Ok, some in the Liberal Party have suggested that Gillian Trigg’s should apologise for some of her comments over the past few months. Of course, she’s a busy woman and probably doesn’t have the time to write a formal apology and to simply rush one off may make her sound a little insincere, so I thought I’d write one on her behalf which she’s free to use so that the Liberals understand that she sees the error of her ways and won’ keep suggesting that it’s inappropriate for anyone being paid from taxpayer funds to find fault with anyone connected with the government. After all, this must have been the logic when Peta Credlin escaped her drink driving charge without so much as a stern warning from the judge let alone a fine or a conviction with the magistrate noting that she’d pleaded guilty so there was no need for a conviction to be recorded because she had a clean driving record having never had a conviction recorded. And thanks to the due process of the law, she still has a clean driving record, so should she front the court on another driving charge, she can stil plead guilty and ask for her previous lack of conviction to be taken into account when not recording a conviction.
But onto Ms Trigg’s apology.
Dear Prime Minister and Members of the Government,
As some of you are aware, I have recently been reported as saying one or two things that may have been considered to be critical of the actions that have been taken in relation to asylum seekers, and while it could be argued that theses criticisms could be levelled at both major parties, I realise that this is not what was meant when some suggested that I was adopting an unacceptable “partisan” position. It wasn’t that I was aligning myself with the Labor Party against you, it was that I was aligning myself with those foreigners in detentions centres. As such my actions were bordering on treason, and I’d like to thank the members of the public who were kind enough to alert me to this before I overstepped the mark and found ASIO breaking down my door at 3am to ask me if my papers were in order and whether I could recite all the words to the national anthem.
While I understand that you feel that my position is “untenable”, I should like to continue in my position at the Human Rights Commission. I do understand that this will be on the proviso that I never criticise any actions of the government but restrict myself to praising George Brandis’s choice of poetry, or telling the country that if there was ever a man that I’d trust to make a decision without having to resort to evidence, then Peter Dutton’s that man, because – as an ex-policeman – he surely knows how tricky things can get when you go to court and how many times simply charging someone with being in possession of indigenous features wasn’t enough to secure a conviction, and, of course, arguing that you simply had a gut feeling that this person was about to commit a crime allowed those defence lawyers to make those technical legal arguments about a “lack of evidence”.
If you allow me to continue, then I will do so under the proviso that all my statements will be checked by the Prime Minister’s office before being made public, because as some of your back-bench have pointed out: It’s the Human RIGHT’s Commission, not the Human LEFT Commission, and as such I should be pointing out such things as how unflattering Julia Gillard’s clothes were rather than concerning myself with what’s happening on overseas islands like Nauru and Manus.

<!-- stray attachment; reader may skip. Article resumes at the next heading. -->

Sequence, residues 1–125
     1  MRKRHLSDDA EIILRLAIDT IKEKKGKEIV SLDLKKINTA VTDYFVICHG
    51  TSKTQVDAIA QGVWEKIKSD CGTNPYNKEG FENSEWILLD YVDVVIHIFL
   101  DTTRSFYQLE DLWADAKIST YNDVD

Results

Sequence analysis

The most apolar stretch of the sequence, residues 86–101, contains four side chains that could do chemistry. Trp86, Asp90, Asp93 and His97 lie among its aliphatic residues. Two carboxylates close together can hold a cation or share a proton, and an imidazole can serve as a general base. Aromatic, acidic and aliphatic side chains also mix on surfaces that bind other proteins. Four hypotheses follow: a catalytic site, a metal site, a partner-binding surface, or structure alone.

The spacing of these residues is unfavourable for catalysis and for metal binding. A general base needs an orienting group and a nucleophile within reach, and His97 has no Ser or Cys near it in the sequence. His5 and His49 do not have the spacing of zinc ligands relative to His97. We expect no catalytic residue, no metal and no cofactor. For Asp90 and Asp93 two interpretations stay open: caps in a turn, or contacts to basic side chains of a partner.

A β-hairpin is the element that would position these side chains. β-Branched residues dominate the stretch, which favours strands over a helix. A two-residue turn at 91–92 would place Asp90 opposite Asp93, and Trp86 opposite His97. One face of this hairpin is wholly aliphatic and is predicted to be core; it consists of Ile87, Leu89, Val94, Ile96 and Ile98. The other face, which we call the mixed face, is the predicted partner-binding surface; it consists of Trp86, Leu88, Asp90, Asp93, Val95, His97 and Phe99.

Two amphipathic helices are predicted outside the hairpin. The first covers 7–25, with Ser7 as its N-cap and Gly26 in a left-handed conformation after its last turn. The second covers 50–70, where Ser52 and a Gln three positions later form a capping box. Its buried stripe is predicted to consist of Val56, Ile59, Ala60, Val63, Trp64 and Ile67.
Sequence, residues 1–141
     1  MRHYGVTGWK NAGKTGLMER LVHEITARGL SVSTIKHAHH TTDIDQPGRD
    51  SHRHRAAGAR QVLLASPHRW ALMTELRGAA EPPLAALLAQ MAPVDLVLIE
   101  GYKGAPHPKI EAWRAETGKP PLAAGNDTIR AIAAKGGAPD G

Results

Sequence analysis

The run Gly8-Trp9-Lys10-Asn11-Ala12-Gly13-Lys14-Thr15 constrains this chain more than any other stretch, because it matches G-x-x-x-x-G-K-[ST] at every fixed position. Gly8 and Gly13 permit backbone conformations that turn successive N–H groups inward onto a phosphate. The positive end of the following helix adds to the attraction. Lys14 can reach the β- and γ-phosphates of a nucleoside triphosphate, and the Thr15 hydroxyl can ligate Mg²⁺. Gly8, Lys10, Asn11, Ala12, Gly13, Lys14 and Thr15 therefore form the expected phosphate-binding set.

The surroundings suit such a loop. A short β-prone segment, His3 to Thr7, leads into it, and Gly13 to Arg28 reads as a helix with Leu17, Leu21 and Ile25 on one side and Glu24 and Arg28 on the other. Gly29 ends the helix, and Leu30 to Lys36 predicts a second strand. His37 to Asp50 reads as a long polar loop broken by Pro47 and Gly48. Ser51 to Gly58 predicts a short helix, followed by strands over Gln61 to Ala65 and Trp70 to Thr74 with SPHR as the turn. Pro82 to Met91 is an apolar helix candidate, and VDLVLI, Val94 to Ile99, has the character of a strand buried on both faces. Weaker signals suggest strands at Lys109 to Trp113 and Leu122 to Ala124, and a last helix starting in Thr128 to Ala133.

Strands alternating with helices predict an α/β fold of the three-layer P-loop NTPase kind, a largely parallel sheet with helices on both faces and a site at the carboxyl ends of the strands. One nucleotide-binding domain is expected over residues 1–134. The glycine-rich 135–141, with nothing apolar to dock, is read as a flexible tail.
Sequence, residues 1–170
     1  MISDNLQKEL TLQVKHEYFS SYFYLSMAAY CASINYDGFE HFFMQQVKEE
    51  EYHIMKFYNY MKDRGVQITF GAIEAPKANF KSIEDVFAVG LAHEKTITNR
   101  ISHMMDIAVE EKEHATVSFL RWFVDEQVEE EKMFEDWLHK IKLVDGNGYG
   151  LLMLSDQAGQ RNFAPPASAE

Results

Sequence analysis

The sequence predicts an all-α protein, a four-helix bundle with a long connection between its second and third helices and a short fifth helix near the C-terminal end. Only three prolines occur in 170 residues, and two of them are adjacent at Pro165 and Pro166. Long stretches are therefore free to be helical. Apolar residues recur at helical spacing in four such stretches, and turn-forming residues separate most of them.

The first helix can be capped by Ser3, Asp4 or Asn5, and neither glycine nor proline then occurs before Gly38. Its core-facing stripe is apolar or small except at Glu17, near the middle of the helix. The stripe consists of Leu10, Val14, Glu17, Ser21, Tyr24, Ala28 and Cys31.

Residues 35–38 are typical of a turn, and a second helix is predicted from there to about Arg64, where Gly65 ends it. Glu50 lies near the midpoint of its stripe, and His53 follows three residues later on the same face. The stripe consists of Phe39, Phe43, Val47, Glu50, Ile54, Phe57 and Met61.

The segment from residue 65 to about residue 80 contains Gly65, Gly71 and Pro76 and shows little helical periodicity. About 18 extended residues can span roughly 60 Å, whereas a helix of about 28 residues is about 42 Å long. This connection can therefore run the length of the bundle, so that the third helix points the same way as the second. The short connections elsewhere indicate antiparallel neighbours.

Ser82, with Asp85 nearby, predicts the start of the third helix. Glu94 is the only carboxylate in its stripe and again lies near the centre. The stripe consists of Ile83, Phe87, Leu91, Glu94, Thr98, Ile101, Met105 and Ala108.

And thanks to the explanations from some of your backbenchers, I now understand how allowing gay people to marry is a terrible breach of the rights of bigots.
So with these undertakings, I hope that we can move forward and put the past behind us with a spirit of cooperation. Just release Australia now that I’ve made these undertakings. You promised you wouldn’t harm her if I did. I love her and I want her back safely. Please, you promised…
Nah, now it’s just silly…
As if Gillian Triggs’d be gullible enough to believe anything these guys said.
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P.S. I wrote about a book called “Spy The Lie” a while ago, and without going through the whole thing, one of the interesting bits was that people often avoid a direct denial but say something which sounds like they’re denying but isn’t actually a denial. For example, when asked if they stole the money, they’ll tell you that they’re a great bloke and stealing money is a crime. I mention this in relation to Christopher Pyne’s “denial” that he was the leaker:
“I don’t believe you should be in a cabinet if you are then going to go outside of the cabinet and leak about it. I think that is the worst thing you could possibly do.”
He then went on to say that one shouldn’t assume that it was one of the six named ministers.
But you may notice that there’s no actual “It wasn’t me!” statement in any of that. All he said was that if you leak you shouldn’t be in cabinet, and we all know that young Christopher shouldn’t be in cabinet, so that’s almost an honest statement.
Perhaps he said more somewhere else, but on the basis of that statement, I’d like to ask him point blank, “Were you the one who leaked?”
Although I suspect he’d merely say, “I’m a fixer”.
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